Drought Tolerance: Good

Temperature:  Likes indoor room temp. 65-90F. Outdoors can handle warmer or cooler temps (down to 40F), but won’t love it. Bring indoors if possible when temps regularly fall below 45F.  

Air Purification: Good

Toxicity: Rare seed pods can cause mild discomfort to pets if eaten. Safe otherwise

Fertilizer: Liquid at half strength once per month in spring and summer.

Container Friendly: Yes - But good drainage is a must


The Giant White Bird of Paradise accepts a wide variety of soil types but does best in rich, moist soil that drains well. As such, a base of peat mixed with sand or perlite will yield excellent results. The plant itself is very easy to repot and takes to its new home quickly. Repotting is also the best time to propagate the plant via division. This is arguably the most reliable method, though the newly divided plants can sometimes look sparse until they “fill out” with new shoots of their own, which can take a while. 

Plant Care:

Bird of Paradise plants appreciate a lot of light. They do best in bright indirect light, but in zones where they can survive year-round outside (mostly in California and Florida) they are often planted in full sun. There is still a chance that the leaves can scorch, though, so if you’re considering planting your Strelitzia in a full sun location, we’d recommend letting it stand in that spot while still potted for a while, to make sure the plant can take the direct sunlight. They can also handle medium indirect light (light shade if outdoors), though they’ll grow more slowly and be less likely to bloom.

Although the leaves of Strelitzia Nicolai are rugged and much more resistant to tearing than the leaves of, say, a banana plant, they can nonetheless tatter if placed in a windy location. When inside, they also dislike being placed near A/C or heat vents, which can dry them out. Incidentally, strelitzias don’t require higher than normal humidity, but they do appreciate it. Misting the plant regularly, placing it on a tray filled with pebbles and half-filled with water, or placing it near a humidifier are all great ideas, but not usually necessary.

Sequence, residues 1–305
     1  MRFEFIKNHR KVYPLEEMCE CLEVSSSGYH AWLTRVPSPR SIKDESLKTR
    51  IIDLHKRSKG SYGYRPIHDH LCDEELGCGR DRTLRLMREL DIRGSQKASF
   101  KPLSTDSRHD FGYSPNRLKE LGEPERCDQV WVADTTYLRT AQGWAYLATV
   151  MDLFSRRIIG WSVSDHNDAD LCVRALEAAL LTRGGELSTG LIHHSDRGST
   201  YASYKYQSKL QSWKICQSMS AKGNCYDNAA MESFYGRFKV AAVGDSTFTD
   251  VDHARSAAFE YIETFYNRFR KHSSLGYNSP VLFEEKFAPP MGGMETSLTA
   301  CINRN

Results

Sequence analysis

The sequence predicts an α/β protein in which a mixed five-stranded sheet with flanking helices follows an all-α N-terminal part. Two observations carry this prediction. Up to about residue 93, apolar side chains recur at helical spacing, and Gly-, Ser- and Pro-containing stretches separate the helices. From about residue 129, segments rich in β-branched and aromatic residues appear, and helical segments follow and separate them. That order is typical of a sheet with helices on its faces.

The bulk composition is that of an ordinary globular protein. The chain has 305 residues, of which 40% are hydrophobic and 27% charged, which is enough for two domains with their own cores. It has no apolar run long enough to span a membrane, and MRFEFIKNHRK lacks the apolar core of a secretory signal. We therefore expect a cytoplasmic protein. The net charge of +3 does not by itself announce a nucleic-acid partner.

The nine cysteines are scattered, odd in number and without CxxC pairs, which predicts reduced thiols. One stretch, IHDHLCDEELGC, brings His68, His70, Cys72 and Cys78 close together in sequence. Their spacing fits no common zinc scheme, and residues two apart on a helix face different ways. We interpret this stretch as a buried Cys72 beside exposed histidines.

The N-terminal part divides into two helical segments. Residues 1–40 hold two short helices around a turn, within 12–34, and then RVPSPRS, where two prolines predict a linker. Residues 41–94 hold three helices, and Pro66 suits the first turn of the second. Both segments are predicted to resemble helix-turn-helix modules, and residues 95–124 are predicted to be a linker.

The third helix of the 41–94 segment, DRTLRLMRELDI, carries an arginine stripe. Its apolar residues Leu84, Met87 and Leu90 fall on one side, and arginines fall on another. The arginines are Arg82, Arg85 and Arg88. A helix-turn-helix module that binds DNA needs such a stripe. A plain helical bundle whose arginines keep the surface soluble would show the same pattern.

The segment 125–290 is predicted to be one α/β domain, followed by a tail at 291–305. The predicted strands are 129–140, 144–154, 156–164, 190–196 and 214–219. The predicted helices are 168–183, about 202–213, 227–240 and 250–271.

Bird of Paradise plants prefer to have their roots always moist, but never waterlogged. In the spring and summer, water thoroughly, then allow the top inch of soil to dry before watering again. In fall and winter, allow the top 2 inches and water slightly less thoroughly.

Speaking of water, Giant Bird of Paradise is sensitive to additives such as fluoride and salt, which can be introduced via tap water or excess fertilizer. It’s a good idea to use distilled water or captured rainwater, or to let tap water sit for 24 hours before using to let unnatural additives dissipate out.

Expert Advice:

Yellowing leaves on a Strelitzia are usually an indication that the plant would like more light, whereas burnt leaf tips are an indication to offer less fertilizer (and flush with fresh water to remove what’s already in the soil).

As long as it’s not allowed to sit in swampy, waterlogged soil (a breeding ground for fungal and bacterial infections), Strelitzia Nicolai is almost completely immune to disease. It is also highly resistant to pests. It can get scales, mealybugs, or spider mites, but all of these are easily treated with a simple, daily wipe-downs with a spray bottle and light soap mixture. Avoid pesticides, which can damage the leaf’s finish.

Strelitzia Nicolai can be challenging to propagate. The seeds require a bloom, which rarely happens in indoor “birds”, and are difficult to germinate even if they do exist. Suckers, or “pups” that sprout alongside the main plant are quite easy to separate from the main plant and repot, but the owner has no control over when and if they appear in the first place. Simple root division can be done at any time, but if the divided parts end up too sparse, it can be quite some time before they fill out again with new growth. 

There’s another, closely related but less common strelitzia also called the “white bird of paradise”, Strelitzia Alba. The two are nearly identical, but S. alba flowers less often and produces fewer pups, so it tends to not look as “full”. It has a slightly smaller maximum height in the wild (18’ as opposed to 30’), but this is rarely a factor in a houseplant situation.